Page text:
"From a dead man, greetings." I've got the film Nineteen Eighty-Four on in the background as I work. It's been a long time since I've seen the film and even longer time since I read the book but I've read and reread it several times since discovering it in my early teens. 1984 by George Orwell and Aldous Huxley's Brave New World were formative works for me. I already had a bit of a conspiratorial view having grown up with Art Bell and delving into the Kennedy Assassination by the mid-90's. We're already well on our way to Brave New World, a society that is "Amusing itself to death," to borrow the title of the Neil Postman book from the 90's. And to think Postman was concerned even before YouTube and social media and a society glued to their screens.
I remember when smartphones became ubiquitous thinking of the line from 1984 where the prole who illegally rents a room to Winston Smith, the main character and narrator in 1984, something to the extent of "I remember when only the rich could afford telescreens." One could say the same for iPhones.
The telescreen in 1984 was more than a television (televisions were far from standard in 1948 when Orwell wrote his classic dystopian work). It was a two-way screen with which the "Inner Party" could peer in on the denizens of the surveillance state. Now we live in a world where a CIA connected company (Amazon) sells the Alexa which at any point in time is likely transmitting back to the Company.
1984 is a world where the ever-present, always-watching Big Brother cannot be escaped and is stamping the face of humanity forever. We don't get there overnight of course. It starts slowly and surely, by degrees. Brave New World is a scientific "utopia" where any deep feeling or artistic expression is frowned upon and sensual pleasure is the only thing of value apart from "Soma holidays" which seemingly predicts our current psychotropic society where three times as many people are taking anti-depressants than in 2000, many of whom find they can't quit due to the withdrawal side effects.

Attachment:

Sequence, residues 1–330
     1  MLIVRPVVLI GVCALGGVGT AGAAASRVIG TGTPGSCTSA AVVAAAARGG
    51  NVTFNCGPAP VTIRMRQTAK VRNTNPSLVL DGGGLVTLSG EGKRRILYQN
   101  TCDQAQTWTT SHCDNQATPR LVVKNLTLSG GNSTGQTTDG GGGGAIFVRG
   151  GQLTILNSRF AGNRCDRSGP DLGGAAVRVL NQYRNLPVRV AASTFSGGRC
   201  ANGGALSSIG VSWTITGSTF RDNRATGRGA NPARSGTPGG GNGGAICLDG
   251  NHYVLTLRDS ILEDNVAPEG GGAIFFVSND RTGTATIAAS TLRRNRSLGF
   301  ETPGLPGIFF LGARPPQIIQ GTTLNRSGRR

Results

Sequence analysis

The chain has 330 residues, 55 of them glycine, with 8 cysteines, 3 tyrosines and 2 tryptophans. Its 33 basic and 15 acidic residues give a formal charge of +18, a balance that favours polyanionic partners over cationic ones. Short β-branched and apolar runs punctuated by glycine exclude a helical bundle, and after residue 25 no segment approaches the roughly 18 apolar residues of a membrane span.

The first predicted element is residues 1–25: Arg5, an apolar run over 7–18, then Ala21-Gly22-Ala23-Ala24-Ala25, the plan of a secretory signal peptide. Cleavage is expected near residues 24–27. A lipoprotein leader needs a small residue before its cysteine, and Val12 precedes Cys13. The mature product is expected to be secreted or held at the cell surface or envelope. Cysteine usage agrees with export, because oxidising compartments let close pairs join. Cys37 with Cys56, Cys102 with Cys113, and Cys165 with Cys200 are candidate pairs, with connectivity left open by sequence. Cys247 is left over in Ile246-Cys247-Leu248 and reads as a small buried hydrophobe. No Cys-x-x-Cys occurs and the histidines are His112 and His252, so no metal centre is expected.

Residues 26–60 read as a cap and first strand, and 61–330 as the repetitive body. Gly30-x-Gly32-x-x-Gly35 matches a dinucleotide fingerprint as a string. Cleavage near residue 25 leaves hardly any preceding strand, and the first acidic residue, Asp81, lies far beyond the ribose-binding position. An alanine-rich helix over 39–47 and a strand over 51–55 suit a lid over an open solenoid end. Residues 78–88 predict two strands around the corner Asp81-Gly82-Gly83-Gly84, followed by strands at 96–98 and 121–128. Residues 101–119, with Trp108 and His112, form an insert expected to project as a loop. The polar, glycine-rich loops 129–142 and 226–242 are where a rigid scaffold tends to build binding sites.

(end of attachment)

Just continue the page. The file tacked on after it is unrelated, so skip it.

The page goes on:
I always felt a bit of kinship with John the Savage in Brave New World. Considered a savage because he is antiquated enough to feel that great literature (like Shakespeare from whom the book's title is derived) and the culture it represents have a place in the current society. And to think we now live in a world where Shakespeare is derided as "just another dead white guy." Life imitating art indeed.
Both of these books are purported to be warnings and wake up calls, but if you look at the current day and time, you'll see that they're largely ignored except by those "Inner Party" planners who seem to be using them as guidebooks for laying out a completely controlled society.